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Monday, 30 October 2017

Grad School + Beyond:

I'm 3 years into my PhD and I just read the statistic: "only three or four in every hundred PhD students in the United Kingdom will land a permanent staff position at a university."
The stat showed up in this article in Nature's International Weekly Journal of Science, which is written with regard to the sciences, but I have my severe doubts that the humanities are any better off: the reality is that myself and most graduate students I know will be hard-pressed to get a permanent contract with a university even after we've all become "Doctor ____."
This should cause us to pause and reflect on why we're doing these degrees in the first place.
To me, graduate studies---isolated yet competitive work culture, high-stress, long hours, low-pay, and seemingly with no promise of an academic job that most people assume they will fall into---is really only worth it if you (a) can work with the flexible learning environment it allows (/forces upon) you; and (b) can stay happy/healthy while doing it.
An alarmingly high number of students struggle to stay happy and healthy + link this struggle to their studies/work environment. Some studies like this one in Science have shown that 1 in 3 graduate students struggle with mental health on account of their workload and work environment (and, based on my friend/colleague circle, I'd speculate it's actually significantly higher than 33%.)
I assume I will be happy to have done my PhD even if I wind up in a career totally outside of academia where my PhD specifics aren't really needed (/useful?) (--but then again, I only pursued graduate studies in the first place because it provided a debt-free, albeit financially meagre, way to do full-time learning on topics that interest me.) I truly hope that other grad students feel similarly, and that they're studying their various research topics primarily because they enjoy the process of studying. (At least, I pity those of you who are wading through grad school, not enjoying it at all, but are under the [false?] hope that you will end up in a TT professorship job.)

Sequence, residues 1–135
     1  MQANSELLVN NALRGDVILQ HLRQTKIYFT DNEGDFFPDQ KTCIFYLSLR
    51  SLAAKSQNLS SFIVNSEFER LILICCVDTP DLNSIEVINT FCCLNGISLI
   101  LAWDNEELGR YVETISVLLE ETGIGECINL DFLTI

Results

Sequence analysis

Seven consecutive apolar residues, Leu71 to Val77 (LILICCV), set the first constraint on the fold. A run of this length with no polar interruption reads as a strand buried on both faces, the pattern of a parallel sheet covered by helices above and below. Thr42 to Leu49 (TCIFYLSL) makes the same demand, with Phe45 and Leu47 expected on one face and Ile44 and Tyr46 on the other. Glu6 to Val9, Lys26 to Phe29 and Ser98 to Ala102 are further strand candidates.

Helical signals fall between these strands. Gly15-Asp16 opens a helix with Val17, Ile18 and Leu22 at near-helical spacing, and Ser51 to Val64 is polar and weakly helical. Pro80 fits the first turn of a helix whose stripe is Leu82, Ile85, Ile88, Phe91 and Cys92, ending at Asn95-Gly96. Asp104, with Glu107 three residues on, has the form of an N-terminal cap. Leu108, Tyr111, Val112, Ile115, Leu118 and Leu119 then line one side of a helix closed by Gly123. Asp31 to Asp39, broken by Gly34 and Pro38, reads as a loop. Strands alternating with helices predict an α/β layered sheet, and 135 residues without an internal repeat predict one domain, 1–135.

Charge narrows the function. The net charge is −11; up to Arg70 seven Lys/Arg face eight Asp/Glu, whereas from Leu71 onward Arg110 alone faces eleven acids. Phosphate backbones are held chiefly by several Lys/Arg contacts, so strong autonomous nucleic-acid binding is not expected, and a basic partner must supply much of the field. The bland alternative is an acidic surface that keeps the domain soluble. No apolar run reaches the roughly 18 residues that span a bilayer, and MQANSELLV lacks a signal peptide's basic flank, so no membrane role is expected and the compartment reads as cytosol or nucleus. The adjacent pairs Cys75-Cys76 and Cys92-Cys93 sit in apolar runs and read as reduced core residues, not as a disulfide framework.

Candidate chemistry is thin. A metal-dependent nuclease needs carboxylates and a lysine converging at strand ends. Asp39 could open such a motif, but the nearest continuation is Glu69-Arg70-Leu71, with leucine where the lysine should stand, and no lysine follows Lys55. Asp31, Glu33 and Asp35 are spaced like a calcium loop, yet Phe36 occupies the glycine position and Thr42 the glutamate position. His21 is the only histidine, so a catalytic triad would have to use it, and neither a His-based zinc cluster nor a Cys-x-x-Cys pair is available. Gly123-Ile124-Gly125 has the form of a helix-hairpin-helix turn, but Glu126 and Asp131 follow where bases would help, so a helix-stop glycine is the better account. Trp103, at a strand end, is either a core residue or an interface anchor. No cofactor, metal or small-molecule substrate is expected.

So, if this is indeed true that the process itself ought to be enjoyable, it is most important that we focus on enjoying the actual process at hand.
A few things come to mind in this regard. I'm writing them out somewhat with the hope that I will force myself to adopt them for myself...(that is, they are pieces of advice which are thus far hypocritical due to not following them myself...)
1. Abandon the 'publish or perish' paradigm. 2. Stop stressing that I haven't read enough theories, or don't know as much of the literature as xyz. 3. Focus on learning for the sake of improving my knowledge of a topic that interests/intrigues me---not for appearing smart, not for impressing my supervisor, etc. 4. Don't try to make a perfect + brilliant thesis/paper/etc. That benchmark is unrealistic and can be somewhat uninspiring. Try to write something that is interesting, or challenging, or inspiring, or beautiful, ...and coherent. It doesn't have to incorporate everything you've learned and it doesn't have to be applauded by the academe. 5. (I would like your tips/feedback!) And, now, a poem...which I find challenging, inspiring, beautiful, and coherent.
"Every day I see or hear something that more or less
kills me with delight, that leaves me like a needle
in the haystack of light. It was what I was born for - to look, to listen, to lose myself inside this soft world - to instruct myself over and over in joy, and acclamation."
~ Mary Oliver (USA, 1935-), from “Mindful,” Why I Wake Early

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